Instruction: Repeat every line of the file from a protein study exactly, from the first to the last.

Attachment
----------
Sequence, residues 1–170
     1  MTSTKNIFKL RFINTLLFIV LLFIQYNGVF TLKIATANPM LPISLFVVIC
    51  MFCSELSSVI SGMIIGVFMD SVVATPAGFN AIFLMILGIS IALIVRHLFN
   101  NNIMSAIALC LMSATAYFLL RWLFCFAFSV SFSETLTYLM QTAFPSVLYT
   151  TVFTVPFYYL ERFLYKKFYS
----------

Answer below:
Sequence, residues 1–170
     1  MTSTKNIFKL RFINTLLFIV LLFIQYNGVF TLKIATANPM LPISLFVVIC
    51  MFCSELSSVI SGMIIGVFMD SVVATPAGFN AIFLMILGIS IALIVRHLFN
   101  NNIMSAIALC LMSATAYFLL RWLFCFAFSV SFSETLTYLM QTAFPSVLYT
   151  TVFTVPFYYL ERFLYKKFYS